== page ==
Silver Screen: The Score Card, October 06, 2011 Edition

Silver Screen: The Score Card, October 06, 2011 Edition
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Who:
What:
Where:
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Silver Screen: The Score Card, October 06, 2011 Edition
Bryan Miller

> Opening this week (Friday unless otherwise noted).

< Leaving Carbondale this Friday.

by Bryan Miller unless otherwise credited.

Contagion (PG-13, ****1/2): Indie darling Steven Soderbergh plays it pretty straight in this intense medical-disaster thriller, but he definitely brings his cerebral, controlled approach to the project, both working within and subverting the genre conventions. The ensemble piece is a kind of mosaic of scenes and events centering on an outbreak of a deadly virus that threatens to claim hundreds of millions of lives. The key players are patient zero (Gwyneth Paltrow) and her husband (Matt Damon), the head of the Centers for Disease Control (Laurence Fishburne), a divergent team of doctors and immunologists (Kate Winslet, Marion Cotillard, Jennifer Ehle, Elliot Gould, Demetri Martin), a military leader (Bryan Cranston), and an unscrupulous journalist (Jude Law), among others. The virus in the movie is both subject and metaphor, as the film ultimately concerns itself with the spread not just of illness but of information, rumor, and panic. It's a horror movie about globalization that doesn't treat global interconnectivity as a force of good or evil, just as a fact. An otherwise nifty climax hits some of the themes a little too on-the-nose, but a stellar cast and a smart script from Scott Z. Burns help make this a near-perfect blend of thrilling and thought-provoking.

< The Debt (R, ***1/2): Helen Mirren and Jessica Chastain play the same character across separate timelines in this post-Holocaust thriller based on the Israeli film Ha-Hov. A trio of Mossad agents (Chastain, Sam Worthington, and Martin Csokas) infiltrate Soviet-controlled East Germany to bring back an escaped Nazi war criminal. But when their plan is bungled, they must ask themselves how best to serve justice to their captive. The ramifications of that decision will echo throughout the rest of their lives. The conflict is continued decades later when the three (played in the later scenes by Mirren, Ciará n Hinds, and Tom Wilkinson) are forced to reconcile with the legacy of their choice. The film works best in the flashback scenes, as the pacing droops in the later scenes, but director John Madden is able to keep the twisty story straight while making a worthwhile tangle of the moral conundrum at its center.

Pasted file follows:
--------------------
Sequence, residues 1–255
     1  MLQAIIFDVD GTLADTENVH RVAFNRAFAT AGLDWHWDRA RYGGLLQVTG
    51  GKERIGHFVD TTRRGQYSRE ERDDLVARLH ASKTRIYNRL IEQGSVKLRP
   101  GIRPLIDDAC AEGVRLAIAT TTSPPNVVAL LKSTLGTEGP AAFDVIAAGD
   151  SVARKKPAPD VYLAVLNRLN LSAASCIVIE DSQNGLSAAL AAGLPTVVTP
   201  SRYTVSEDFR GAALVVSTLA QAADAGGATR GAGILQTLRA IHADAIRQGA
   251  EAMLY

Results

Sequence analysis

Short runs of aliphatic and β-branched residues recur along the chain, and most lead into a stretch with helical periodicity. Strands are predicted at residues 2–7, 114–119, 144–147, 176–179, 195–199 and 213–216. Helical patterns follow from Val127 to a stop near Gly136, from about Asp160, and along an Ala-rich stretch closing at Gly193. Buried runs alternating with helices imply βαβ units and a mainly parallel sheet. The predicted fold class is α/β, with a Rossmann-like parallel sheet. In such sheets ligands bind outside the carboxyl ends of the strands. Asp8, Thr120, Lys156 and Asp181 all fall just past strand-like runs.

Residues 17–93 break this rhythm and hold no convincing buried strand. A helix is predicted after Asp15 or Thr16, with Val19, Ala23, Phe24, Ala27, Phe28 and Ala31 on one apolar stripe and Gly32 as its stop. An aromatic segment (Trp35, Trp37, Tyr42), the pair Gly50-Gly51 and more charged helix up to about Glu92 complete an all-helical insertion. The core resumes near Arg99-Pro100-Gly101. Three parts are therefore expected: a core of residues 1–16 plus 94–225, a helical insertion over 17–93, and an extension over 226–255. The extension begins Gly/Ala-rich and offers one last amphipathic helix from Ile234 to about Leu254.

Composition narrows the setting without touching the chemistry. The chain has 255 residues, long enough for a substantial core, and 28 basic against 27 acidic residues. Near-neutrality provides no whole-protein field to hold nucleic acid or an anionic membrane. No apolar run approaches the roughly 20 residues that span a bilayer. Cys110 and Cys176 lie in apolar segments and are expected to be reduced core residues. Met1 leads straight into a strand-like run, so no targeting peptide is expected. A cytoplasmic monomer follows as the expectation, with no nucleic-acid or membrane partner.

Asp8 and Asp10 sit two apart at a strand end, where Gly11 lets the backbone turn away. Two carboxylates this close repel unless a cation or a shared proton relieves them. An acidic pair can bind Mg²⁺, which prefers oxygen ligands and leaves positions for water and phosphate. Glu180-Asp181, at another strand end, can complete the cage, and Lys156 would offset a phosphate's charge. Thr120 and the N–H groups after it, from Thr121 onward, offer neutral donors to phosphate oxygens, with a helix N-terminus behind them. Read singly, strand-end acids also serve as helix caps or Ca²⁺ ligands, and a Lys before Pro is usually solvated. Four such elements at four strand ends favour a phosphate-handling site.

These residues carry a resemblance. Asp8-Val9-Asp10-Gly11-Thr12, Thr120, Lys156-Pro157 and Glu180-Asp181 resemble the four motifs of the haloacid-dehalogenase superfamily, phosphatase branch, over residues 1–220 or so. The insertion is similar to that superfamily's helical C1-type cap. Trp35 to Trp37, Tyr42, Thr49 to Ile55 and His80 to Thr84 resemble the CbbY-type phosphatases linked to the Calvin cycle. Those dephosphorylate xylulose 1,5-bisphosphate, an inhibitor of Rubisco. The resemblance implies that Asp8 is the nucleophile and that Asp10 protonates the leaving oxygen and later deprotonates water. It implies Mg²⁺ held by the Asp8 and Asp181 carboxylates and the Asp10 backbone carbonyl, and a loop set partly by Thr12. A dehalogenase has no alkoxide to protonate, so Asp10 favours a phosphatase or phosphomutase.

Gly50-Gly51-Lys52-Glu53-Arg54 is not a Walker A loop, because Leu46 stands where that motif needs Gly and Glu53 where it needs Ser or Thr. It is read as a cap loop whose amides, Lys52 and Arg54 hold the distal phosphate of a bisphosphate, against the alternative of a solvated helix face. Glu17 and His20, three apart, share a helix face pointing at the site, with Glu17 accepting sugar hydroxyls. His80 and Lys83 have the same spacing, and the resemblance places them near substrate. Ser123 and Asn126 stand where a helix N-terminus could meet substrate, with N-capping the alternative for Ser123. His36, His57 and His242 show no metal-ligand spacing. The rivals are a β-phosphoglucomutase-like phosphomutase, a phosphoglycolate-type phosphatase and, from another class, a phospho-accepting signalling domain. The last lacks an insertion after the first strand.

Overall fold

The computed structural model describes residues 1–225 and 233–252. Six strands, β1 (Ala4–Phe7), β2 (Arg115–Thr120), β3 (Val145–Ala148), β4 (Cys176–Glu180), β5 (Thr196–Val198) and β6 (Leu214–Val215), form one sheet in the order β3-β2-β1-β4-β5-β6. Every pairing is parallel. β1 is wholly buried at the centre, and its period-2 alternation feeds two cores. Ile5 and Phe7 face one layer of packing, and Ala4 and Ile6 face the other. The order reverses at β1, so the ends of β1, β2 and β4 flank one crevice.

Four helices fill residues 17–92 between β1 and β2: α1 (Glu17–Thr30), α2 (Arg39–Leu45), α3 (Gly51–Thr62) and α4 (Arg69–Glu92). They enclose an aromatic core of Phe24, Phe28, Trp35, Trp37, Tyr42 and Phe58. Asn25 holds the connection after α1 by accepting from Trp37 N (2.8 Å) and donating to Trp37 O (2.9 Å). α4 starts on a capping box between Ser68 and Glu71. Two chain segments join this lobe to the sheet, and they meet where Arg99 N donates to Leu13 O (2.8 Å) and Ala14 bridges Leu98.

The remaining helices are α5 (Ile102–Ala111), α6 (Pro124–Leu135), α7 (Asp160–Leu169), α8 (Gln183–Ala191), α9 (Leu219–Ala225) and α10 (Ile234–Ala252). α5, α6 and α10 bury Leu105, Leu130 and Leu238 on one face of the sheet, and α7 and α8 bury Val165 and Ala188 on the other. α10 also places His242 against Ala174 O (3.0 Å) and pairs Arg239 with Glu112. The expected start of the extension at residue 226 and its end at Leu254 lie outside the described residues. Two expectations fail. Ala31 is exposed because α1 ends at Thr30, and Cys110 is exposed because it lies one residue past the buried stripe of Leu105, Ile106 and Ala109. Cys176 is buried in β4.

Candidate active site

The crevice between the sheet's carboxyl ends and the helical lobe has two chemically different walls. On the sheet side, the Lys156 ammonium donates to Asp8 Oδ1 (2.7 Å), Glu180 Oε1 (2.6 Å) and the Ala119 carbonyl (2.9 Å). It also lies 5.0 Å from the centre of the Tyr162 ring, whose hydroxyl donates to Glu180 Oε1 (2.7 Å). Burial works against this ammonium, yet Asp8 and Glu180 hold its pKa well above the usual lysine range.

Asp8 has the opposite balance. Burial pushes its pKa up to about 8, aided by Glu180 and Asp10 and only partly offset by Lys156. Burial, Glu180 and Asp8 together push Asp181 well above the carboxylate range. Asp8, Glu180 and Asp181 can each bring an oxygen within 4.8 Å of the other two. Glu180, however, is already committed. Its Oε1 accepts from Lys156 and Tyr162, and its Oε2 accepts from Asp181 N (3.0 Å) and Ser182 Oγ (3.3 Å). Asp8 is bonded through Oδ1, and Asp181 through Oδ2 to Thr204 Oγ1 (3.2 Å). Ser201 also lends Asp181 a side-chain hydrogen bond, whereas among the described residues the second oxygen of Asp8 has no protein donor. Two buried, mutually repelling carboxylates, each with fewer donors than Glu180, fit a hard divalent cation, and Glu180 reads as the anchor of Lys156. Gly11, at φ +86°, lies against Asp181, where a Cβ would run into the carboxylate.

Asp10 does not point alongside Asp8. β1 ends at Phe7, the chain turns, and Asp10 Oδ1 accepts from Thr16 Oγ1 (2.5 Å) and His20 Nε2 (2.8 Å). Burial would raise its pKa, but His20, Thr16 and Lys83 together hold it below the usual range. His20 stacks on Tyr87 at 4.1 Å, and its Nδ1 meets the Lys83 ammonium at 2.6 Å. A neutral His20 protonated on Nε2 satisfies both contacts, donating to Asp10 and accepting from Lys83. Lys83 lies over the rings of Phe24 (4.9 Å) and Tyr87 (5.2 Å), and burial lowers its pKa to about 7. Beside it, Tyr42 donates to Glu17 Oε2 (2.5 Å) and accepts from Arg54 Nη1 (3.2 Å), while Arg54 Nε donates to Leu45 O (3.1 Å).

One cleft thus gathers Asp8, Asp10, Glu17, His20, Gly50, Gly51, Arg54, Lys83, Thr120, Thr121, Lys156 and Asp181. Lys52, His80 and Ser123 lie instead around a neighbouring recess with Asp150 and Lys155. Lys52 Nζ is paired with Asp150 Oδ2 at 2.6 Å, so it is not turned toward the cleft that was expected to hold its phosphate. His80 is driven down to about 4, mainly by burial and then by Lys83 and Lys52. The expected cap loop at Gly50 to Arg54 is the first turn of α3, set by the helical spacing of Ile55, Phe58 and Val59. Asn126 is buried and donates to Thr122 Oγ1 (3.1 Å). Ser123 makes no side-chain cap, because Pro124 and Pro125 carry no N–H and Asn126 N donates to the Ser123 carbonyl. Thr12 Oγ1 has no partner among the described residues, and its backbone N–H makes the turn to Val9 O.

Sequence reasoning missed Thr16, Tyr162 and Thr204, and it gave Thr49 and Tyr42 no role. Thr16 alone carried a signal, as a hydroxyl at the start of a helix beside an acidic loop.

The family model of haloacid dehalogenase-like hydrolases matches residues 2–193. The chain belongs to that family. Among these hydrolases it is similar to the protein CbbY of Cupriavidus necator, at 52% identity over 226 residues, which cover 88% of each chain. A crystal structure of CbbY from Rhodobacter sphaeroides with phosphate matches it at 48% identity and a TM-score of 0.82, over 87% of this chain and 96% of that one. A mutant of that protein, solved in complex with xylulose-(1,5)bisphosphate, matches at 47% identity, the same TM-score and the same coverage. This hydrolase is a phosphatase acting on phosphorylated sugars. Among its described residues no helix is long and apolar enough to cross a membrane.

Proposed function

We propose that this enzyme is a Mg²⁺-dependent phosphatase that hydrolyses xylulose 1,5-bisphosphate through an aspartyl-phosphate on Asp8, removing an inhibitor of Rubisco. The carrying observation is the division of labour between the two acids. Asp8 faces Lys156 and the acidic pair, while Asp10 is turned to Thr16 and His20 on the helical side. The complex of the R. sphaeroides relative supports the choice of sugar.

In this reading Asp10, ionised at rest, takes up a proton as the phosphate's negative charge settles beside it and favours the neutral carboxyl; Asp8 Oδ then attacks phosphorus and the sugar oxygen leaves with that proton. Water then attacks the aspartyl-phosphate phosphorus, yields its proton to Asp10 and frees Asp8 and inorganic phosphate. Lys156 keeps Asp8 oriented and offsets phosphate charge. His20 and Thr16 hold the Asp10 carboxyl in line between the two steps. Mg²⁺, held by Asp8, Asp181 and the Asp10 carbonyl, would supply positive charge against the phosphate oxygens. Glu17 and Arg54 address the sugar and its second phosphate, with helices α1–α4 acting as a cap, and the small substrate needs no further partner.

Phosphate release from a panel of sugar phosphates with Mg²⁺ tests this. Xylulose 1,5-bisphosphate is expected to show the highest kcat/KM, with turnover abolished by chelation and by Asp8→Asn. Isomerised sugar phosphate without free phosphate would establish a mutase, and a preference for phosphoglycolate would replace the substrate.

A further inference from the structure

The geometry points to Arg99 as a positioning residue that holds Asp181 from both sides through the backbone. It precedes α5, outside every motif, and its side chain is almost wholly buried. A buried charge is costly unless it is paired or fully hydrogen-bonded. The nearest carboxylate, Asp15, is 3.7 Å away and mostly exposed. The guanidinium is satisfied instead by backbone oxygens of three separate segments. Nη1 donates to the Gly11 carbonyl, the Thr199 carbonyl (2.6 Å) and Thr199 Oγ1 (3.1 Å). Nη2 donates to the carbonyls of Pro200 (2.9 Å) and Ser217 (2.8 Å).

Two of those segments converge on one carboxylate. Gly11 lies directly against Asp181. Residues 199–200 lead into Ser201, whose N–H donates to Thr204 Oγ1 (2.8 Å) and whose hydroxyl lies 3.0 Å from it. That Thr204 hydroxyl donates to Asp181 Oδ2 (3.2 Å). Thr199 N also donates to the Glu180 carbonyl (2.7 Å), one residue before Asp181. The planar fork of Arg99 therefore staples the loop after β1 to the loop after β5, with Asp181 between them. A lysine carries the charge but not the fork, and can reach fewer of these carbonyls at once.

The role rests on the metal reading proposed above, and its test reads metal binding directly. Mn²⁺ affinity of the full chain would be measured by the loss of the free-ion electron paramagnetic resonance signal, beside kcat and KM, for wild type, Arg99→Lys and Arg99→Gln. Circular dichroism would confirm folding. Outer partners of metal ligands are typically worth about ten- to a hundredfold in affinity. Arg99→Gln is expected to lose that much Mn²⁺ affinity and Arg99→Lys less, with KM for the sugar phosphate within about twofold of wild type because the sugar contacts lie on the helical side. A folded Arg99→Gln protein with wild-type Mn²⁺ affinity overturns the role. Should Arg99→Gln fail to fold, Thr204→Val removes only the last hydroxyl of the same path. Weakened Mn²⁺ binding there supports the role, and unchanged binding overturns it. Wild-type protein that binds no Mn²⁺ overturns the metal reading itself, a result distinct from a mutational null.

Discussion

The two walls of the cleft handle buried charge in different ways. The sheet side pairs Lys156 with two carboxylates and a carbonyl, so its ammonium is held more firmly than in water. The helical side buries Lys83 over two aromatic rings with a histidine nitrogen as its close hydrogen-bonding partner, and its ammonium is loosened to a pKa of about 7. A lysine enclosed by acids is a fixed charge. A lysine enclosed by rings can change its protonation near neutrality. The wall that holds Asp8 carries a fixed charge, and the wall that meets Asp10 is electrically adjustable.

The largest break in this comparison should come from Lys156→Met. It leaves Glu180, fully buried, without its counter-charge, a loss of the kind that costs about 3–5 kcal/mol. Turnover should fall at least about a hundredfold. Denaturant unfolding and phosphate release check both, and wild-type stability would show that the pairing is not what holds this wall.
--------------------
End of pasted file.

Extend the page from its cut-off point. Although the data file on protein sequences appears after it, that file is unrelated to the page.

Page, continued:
Dream House (PG-13, *1/2): Inexplicably, this dull, by-the-numbers ghost story is directed by Jim Sheridan, he of My Left Foot and In the Name of the Father and In America fame. It’s a drastic misstep, not necessarily because it’s so awful but because it feels like it could have been made by anybody. Daniel Craig stars as a family man living with his wife (Rachel Weisz) and young daughters in a house where the previous family was murdered. It all drifts slowly toward an obvious twist, then shifts from psychological horror to a not-so-mysterious murder mystery. A total snooze. Also featuring Naomi Watts.

Drive (R, ****1/2): Danish director Nicolas Winding Refn (Bronson, the Pusher trilogy) directs this stylish, brilliantly paced genre flick that mashes together caper and action genres but remains surprisingly pensive. Ryan Gosling stars as the nameless Driver, a Hollywood stunt driver who moonlights as a wheelman for mid-level crime bosses (including an excellent Albert Brooks). When he falls for a girl in trouble (Carey Mulligan) and tries to help her out of a jam, he gets caught up in a double-cross in which everyone views him as expendable. The plot is simple, but the execution is fantastic, with a unique aesthetic and a well-earned momentum that eschews jittery editing and camerawork for longer, more contemplative takes. The underbaked love story is flat and dull, no fault of Mulligan’s, and that drains the story of any real power, but as a methodically paced, visceral thriller, it doesn’t get much better. Gosling and Brooks are a dream team, and nicely supported by Bryan Cranston (Breaking Bad), Ron Perlman, and Christina Hendricks.

Fifty/fifty (R, ****): Uneven but winning dramedy about a clean-living twenty-seven-year-old (Joseph Gordon-Levitt) diagnosed with a rare form of cancer. His illness affects all the relationships in his life, including those with his best friend (Seth Rogen), his selfish girlfriend (Bryce Dallas Howard), and his mother (Anjelica Huston). Gordon-Levitt handles the drama brilliantly, while Rogen does great work as the comic foil, but both young actors can work either side. Some of the subplots work better than others, but director Jonathan Levine ultimately does a nice job of balancing the quippy dialogue and heavy subject matter. Anna Kendrick shines as a therapist in training. Written by Will Reiser, who based the script on his own experiences as a young cancer survivor.